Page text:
NEW YORK, Sept 26 (Reuters) - General Electric Co's power and water division said on Wednesday it won $1.2 billion in contracts from power producers in the United States, Japan and Saudi Arabia for newly-developed heavy-duty gas turbines.
The deals for 19 turbines to be manufactured in Greenville, South Carolina, reflect a gradual, global shift toward using inexpensive natural gas rather than coal or oil to generate power, GE said.
"Natural gas is more and more becoming a fuel of choice around the world," said Paul Browning, who heads GE's thermal products division, the biggest within the industrial conglomerate's $28 billion power and water business.
GE says its new technology is more fuel efficient, enables power plants to ramp up and down faster, and incorporates energy from renewable energy sources.
GE will supply six heavy-duty gas turbines to Japanese utility Chubu for a 2,300-megawatt plant, and eight gas turbines for a Saudi Electric Co project in Riyadh.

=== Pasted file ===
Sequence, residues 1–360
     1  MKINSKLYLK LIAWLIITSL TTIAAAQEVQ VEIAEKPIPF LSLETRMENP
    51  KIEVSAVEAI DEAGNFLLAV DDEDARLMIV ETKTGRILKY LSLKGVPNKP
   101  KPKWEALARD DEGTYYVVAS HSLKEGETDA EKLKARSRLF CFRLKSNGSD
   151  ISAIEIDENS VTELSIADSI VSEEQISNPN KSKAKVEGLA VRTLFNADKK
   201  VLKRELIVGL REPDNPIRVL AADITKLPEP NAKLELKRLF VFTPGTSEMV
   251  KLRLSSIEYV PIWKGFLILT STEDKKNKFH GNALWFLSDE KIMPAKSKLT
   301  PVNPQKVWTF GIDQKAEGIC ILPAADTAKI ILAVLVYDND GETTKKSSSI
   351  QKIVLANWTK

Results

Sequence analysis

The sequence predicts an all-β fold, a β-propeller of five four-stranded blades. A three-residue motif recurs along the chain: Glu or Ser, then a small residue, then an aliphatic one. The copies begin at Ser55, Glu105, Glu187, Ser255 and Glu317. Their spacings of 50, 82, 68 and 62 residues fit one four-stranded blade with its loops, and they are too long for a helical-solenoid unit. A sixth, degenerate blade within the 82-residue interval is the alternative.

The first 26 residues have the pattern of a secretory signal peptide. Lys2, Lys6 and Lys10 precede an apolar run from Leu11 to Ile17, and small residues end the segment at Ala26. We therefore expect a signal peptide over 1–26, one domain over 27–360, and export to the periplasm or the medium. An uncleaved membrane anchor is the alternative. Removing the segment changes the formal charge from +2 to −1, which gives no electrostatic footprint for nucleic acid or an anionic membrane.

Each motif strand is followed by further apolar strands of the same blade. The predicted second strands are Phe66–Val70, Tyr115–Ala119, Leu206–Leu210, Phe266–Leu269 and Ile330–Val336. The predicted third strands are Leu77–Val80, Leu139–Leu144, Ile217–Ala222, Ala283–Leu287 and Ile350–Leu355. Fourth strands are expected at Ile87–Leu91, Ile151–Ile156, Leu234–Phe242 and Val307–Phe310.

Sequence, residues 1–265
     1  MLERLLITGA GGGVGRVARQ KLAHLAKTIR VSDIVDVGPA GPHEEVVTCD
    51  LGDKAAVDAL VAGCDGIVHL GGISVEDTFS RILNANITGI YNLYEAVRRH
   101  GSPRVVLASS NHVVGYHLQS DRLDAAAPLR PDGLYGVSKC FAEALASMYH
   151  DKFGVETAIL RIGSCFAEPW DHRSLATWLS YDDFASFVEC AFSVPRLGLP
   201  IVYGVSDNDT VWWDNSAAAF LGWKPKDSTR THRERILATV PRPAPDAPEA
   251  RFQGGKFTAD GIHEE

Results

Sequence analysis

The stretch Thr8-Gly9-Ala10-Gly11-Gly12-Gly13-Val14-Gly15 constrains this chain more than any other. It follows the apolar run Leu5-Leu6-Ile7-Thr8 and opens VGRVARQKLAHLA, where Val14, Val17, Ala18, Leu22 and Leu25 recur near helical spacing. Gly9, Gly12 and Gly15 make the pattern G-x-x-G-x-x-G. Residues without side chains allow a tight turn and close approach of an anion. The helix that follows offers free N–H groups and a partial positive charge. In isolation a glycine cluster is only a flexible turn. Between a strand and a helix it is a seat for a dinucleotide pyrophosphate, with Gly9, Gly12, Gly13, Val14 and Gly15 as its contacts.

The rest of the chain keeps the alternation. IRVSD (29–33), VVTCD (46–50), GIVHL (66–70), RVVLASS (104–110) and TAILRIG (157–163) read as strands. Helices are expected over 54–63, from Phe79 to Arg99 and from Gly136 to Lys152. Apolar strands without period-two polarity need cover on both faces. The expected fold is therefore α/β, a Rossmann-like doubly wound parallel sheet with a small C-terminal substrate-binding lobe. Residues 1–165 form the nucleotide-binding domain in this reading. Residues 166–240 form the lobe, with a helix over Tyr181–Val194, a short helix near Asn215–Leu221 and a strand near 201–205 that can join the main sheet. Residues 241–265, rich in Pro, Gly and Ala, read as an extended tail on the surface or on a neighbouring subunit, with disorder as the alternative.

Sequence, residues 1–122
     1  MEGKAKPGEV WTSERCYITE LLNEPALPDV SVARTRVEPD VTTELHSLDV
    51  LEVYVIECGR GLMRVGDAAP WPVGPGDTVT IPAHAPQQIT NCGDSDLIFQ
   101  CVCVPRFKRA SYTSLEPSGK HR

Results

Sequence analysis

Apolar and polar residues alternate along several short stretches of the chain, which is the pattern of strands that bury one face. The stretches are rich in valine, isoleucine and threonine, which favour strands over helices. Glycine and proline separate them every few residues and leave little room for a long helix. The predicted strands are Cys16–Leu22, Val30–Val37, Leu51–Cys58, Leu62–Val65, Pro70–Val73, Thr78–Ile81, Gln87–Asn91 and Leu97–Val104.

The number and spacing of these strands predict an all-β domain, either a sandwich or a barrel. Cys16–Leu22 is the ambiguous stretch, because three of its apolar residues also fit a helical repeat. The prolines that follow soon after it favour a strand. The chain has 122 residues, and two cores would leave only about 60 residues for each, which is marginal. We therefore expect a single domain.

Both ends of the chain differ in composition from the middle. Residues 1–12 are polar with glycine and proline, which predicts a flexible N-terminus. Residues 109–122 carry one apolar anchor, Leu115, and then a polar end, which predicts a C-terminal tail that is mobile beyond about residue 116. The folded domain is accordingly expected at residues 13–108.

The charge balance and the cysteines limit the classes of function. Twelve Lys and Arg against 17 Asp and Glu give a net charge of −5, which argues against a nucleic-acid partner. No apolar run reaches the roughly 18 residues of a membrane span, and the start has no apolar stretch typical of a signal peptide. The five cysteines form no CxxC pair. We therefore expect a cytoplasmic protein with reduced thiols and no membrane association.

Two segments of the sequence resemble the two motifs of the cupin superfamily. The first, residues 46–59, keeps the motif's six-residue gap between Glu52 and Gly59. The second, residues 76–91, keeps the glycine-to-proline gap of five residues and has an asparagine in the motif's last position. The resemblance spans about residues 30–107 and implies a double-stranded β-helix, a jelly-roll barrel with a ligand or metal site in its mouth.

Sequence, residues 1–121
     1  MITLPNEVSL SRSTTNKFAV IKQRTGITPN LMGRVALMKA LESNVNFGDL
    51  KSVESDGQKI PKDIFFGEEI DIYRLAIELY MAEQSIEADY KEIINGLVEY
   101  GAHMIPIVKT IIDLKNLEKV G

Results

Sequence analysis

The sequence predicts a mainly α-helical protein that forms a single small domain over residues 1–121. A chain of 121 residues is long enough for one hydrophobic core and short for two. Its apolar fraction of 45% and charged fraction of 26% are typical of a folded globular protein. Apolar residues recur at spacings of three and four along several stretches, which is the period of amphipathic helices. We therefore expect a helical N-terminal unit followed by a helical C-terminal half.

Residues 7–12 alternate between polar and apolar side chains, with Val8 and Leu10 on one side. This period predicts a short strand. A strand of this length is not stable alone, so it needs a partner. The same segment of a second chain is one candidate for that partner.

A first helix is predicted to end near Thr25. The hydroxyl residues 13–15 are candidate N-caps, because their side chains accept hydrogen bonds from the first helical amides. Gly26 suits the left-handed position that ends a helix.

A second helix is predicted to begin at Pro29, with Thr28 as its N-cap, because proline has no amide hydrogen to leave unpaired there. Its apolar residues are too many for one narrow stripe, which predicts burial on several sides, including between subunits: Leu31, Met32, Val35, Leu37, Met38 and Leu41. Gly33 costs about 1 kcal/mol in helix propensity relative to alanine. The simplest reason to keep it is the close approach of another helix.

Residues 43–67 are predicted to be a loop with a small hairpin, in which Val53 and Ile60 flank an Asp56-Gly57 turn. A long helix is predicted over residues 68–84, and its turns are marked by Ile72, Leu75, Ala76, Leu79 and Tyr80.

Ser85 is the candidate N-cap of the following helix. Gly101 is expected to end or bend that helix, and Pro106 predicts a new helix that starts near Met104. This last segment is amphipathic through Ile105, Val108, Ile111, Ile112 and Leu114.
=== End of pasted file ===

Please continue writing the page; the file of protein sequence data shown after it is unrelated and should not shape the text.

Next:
The new turbines were developed, and will be manufactured and tested, at GE's facility in Greenville. Though GE did not break down the value of the Saudi and Japan orders, it said they represent a significant GE export to those countries.
"A lot of the power in Saudi is produced from crude oil, but more and more they want to preserve that for petrochemical export markets," Browning said in an interview.
GE expects to deliver the turbines between 2013 and 2016. The remaining orders are for projects in the United States, including the Cherokee project near Denver owned by a subsidiary of Xcel Energy, that is converting from coal to gas. The transition is expected to cut in half carbon dioxide emissions from the Colorado plant.
GE will also supply two gas turbines and a steam turbine to Hess Corp, and one turbine to an unspecified U.S. industrial client.
It forecasts that more U.S. power plants will be fueled with natural gas than with coal by 2017.
GE declined to forecast growth rates for its turbines business but said demand for power generation equipment is only partly affected by economic ups and downs.
"We are impacted by the global financial crisis of a few years ago," Browning said. "We've bottomed and are coming out the other end of that. We're feeling pretty good about the prospects."